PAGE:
- Member of the Portland Seven terrorist group
- Sympathized with the Taliban and al Qaeda
- Son of former Black Panther leader Kent Ford
Born in 1971, Patrice Lumumba Ford was a member of the Portland Seven, an Oregon-based cell of Islamic extremists charged with conspiracy to levy war against the United States, conspiracy to provide material support and resources to al Qaeda, and conspiracy to contribute services to al Qaeda and the Taliban. Ford’s fellow Portland Seven members included Maher Mofeid Hawash, Habis Abdulla Al-Saoub, Ahmed Abrahim Bilal, Muhammad Ibrahim Bilal, Jeffrey Leon Battle, and October Martinique Lewis.
A native-born American black Muslim, Ford was the son of onetime Black Panther leader Kent Ford, who named him after Soviet friend and radical African leader Patrice Lumumba, the first Prime Minister of the Democratic Republic of Congo.
Patrice Lumumba Ford enrolled at Morehouse College in 1989 but dropped out shortly thereafter. He later attended Portland State University, where he majored in Chinese and International Studies. During his college years Ford converted to Islam and began to pray at the Islamic Center of Portland, most of whose members were Arab and North African immigrants. He subsequently studied for three semesters at the Hopkins center in Nanjing, China, where he met local female journalist Xie Chunlin. Ford (who had previously indicated that he wanted to marry a “real” Muslim -- not a “fake” American one -- someone who carries an AK-47 assault rifle and is “ready to run and blow something up”) brought Xie back to Portland and married her in 2000. He supported himself and his new wife by selling cellular telephones. The young radical was also embraced as an intern in the office of Portland Mayor Vera Katz.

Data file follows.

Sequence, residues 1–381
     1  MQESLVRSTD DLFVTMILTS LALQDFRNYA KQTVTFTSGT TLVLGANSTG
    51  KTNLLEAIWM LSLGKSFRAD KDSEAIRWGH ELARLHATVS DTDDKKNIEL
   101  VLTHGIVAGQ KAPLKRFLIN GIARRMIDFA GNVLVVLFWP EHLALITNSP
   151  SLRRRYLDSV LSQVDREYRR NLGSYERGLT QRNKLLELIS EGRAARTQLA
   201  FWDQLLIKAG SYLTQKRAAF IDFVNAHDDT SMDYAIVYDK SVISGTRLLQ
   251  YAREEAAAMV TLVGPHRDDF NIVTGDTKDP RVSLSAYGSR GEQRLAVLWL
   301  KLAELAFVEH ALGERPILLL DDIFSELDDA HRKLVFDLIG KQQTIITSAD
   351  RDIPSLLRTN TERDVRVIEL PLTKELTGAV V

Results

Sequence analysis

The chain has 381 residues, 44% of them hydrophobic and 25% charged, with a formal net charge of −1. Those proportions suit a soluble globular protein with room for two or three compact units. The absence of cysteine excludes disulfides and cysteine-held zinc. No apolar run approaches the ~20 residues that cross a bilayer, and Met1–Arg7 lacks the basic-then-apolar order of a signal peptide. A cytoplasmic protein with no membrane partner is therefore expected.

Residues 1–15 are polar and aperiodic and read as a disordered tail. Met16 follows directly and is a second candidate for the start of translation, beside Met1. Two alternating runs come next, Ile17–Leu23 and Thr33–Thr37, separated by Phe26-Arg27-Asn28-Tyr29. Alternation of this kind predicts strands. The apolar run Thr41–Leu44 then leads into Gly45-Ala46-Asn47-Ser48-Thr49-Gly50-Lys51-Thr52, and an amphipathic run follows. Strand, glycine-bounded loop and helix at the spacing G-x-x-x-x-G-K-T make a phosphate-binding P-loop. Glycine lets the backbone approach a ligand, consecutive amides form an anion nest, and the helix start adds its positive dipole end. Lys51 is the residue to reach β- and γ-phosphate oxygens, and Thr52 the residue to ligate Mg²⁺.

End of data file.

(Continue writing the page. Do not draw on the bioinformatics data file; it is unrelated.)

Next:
In October 2001 Ford and his five male accomplices traveled to China and then Pakistan, in hopes of gaining entry from there into Afghanistan, where they planned to join the al Qaeda forces that were engaged militarily against American soldiers. Upon finding that they were unable to enter Afghanistan's sealed-off borders, however, all except Al-Saoub returned to the U.S. between December 2001 and February 2002.
In October 2003 Ford pleaded guilty to one count of conspiracy to levy war against the United States. The following month, he was sentenced to 18 years in prison.